Dave grew up in Newcastle-upon-Tyne and still has the accent, despite living for almost 40 years in Scotland – since 1990 in East Kilbride, where he is an elder at the West Kirk. He is married to Sue, with grown-up twins, Emma and Thomas.

He has got more involved in the Church since taking a role at the University of Strathclyde which meant he was spending less time away from home than previously.

“I have found space and time to do more in my local Church. This includes attending the excellent ‘Words and Worship’ training with two of my fellow elders so that we were able to lead worship, and I’m on the worship team helping to think about how we can change the ways in which we worship God. My past involvement includes the business planning and fundraising to build new halls, which have been important to our community outreach and financial stability.

“I am also involved with the finances of the church and thinking about the actions we need to take following a presbytery visitation.”

Despite his involvement at local level, he admits to not being familiar with much of what happens at ‘121’ before starting in his new role, and that part of the challenge is to improve the interfaces between the centre and the parishes – although he says it’s not a situation unique to the Church.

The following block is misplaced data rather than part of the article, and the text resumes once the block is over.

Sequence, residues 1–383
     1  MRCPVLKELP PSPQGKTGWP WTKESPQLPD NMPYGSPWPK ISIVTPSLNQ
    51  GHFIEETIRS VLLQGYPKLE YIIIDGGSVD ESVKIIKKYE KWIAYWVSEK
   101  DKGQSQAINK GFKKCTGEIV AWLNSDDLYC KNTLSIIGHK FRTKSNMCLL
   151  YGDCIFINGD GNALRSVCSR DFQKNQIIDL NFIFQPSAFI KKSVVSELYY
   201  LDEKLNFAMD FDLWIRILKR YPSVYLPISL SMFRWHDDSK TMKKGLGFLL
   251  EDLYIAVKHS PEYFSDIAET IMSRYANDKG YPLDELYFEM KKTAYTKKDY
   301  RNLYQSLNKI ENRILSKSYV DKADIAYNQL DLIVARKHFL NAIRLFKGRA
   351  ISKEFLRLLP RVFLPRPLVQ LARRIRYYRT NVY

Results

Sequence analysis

“It’s not uncommon for some element of disconnect between a central organisation and the people it serves.

“In doing my initial research for the role and talking to [Convener of the Assembly Trustees, the Very Rev Dr] John Chalmers, it really surprised me the reach that we’ve got. We’re touching on so many different parts of the world and doing groundbreaking work – it’s terrific.

“Even the Scottish dimension to it was much broader than I thought it was – but then I can’t be alone in that, so we’ve got to continue to find ways in which we can communicate more effectively with local churches and presbyteries.

“I think it’s about continuing to improve our support to local churches and presbyteries, because we are here to service and enable them. The Growth Fund also presents a real opportunity to invest in areas that need focused work or investment.”

He says that the desired outcomes include ’liberated churches building capacity at local level, making sure that the national structures are the right ones to support this aim, and at the same time relying on God’s word and God’s grace to guide us on our way’.

“I’m in a privileged position to be the Chief Officer of the Church of Scotland, and it means a lot to me both because of my faith and the outcomes we’re seeking being so important to the Church.

“I feel very positive, it is my natural inclination which drives me on. I see lots of good things happening, and am excited to be a part of it.

“We have a huge role to play in difficult times for the country and the world. We’ve got something vitally important to tell people, and we need to find the best ways of doing it.”